“We will restructure so some students will represent misdemeanor cases and have others working with groups in the community to prevent crimes and to reduce recidivism when people are convicted,” the dean says. “I also want to create a civil rights clinic … where we’d take on cases that will make a difference in setting precedents and in actually making law in the area of civil rights.”
Restructuring the law school is Bullock’s response to the dramatic changes taking place in the legal field. She points to the gradual shift away from litigation as a preference for alternative dispute resolution (ADR) and mediation methods, largely because of an overloaded court system. ADR clinics are a relatively new concept for law schools, and major institutions are developing programs that teach mediation techniques.
“Few law programs have ADR clinics, and we want to be one of the first,” Bullock says. Howard’s ADR clinic will start operating in 2002. “That’s where the profession is headed and we have to be on the cutting edge of that and training our students so they can be effective when they graduate. I also want us to find ways to link students and faculty with civil rights organizations out on the front lines. Now that there is no ‘civil rights movement,’ there’s no training ground for students to learn what the Rev. Jesse Jackson, Congressman John Lewis, (D-Ga.), and others learned as part of SCLC (Southern Christian Leadership Conference).”
Staying connected to the minority community and being active in legal issues that affect minorities are areas that Bullock wants to keep at the forefront of education for Howard’s law students.
Atlanta-based education consultant Dr. Herman Reese agrees with Bullock that African American law students should want to have an impact on society.
“Some of our legal minds need to get beyond just getting a degree and get more involved in environmental law and technology-related issues,” says Reese, who produced the international Afrocentric Conferences in Atlanta and has worked closely with HBCUs for decades.
“There is still a need for thoroughly trained African American legal minds that are sensitive to issues that affect minorities and poor people, and the HBCU law schools play a major role in pushing that agenda forward,” says Reese.
This is one of the main reasons Bullock turned down a position as a tax attorney/litigator with the U.S. Attorneys Office in Washington in 1979. Instead, she opted for a career in academia and became an assistant law professor at Howard that same year. “I have no regrets. I love what I do and my career has been phenomenal here,” she says.
Longtime Howard law professor Isiah Leggett graduated from the law school in 1974 and served as assistant dean of the law school from 1975-1986. He says Bullock has redefined the role of the law school.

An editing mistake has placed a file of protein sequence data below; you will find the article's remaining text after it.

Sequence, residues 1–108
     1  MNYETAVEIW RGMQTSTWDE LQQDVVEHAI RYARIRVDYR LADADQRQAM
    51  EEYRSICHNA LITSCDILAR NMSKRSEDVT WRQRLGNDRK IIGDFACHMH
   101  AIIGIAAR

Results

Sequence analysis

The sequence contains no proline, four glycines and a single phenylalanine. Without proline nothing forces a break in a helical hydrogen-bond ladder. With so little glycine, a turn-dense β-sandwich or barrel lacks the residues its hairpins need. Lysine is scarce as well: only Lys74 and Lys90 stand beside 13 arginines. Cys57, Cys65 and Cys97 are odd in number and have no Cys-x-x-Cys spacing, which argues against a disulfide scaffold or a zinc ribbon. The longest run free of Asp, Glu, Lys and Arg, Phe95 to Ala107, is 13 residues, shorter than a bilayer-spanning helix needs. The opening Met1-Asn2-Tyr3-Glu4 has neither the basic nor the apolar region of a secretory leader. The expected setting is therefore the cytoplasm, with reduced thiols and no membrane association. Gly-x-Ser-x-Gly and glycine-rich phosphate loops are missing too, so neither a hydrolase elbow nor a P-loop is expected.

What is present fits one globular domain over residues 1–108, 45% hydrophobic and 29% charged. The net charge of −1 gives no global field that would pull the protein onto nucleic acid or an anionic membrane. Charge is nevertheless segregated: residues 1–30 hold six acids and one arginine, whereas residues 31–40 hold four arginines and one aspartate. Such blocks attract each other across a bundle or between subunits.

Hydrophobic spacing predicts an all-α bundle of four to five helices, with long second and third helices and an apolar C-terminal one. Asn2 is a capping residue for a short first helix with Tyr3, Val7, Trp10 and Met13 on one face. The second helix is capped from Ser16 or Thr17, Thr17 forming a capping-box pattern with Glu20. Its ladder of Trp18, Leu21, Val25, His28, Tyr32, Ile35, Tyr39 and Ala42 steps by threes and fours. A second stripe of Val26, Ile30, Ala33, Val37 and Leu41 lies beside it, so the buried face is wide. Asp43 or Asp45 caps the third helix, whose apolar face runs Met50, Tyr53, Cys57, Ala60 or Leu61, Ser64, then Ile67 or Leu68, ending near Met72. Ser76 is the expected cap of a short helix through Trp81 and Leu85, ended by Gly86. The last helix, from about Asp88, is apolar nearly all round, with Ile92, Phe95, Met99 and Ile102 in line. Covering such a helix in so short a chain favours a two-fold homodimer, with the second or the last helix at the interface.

“She’s strengthened our (alliances) with associations like the NAACP, NBA (National Bar Association) and the NAACP Legal Defense and Education Fund,” says Leggett. “She’s reaffirmed our mission. In the past, we moved away from the public eye and the impact cases we took. We drifted from our traditional contacts, and she’s done a great job of re-establishing lines of communication with those involved in the legal issues affecting the minority community.”
Bullock was appointed interim dean in 1996 and one year later was named dean of the law school by H. Patrick Swygert, also a Howard law graduate (’68), who had been named president of the university the year before.
“She was the best candidate for the position, and I am pleased with the job that she is doing as dean,” Swygert says. “I am impressed with Bullock’s commitment and vision to ensure recruitment of the highest caliber students, faculty and staff, to advance and promote leading-edge scholarship and to strengthen the law school’s role in the national discourse on legal and social issues. She brings to the law school the right combination of legal expertise, scholarship and professional experience needed.”
Swygert and Bullock’s most impressive achievement will officially open this spring — the law school’s new library. The state-of-the-art facility supports legal research and instruction in a four-story, 76,000 square-foot building that will accommodate 215,000 volumes, 90 open carrels and seating for more than 295 students. Completely wired for technology, the library also features a reading room and audiovisual facilities.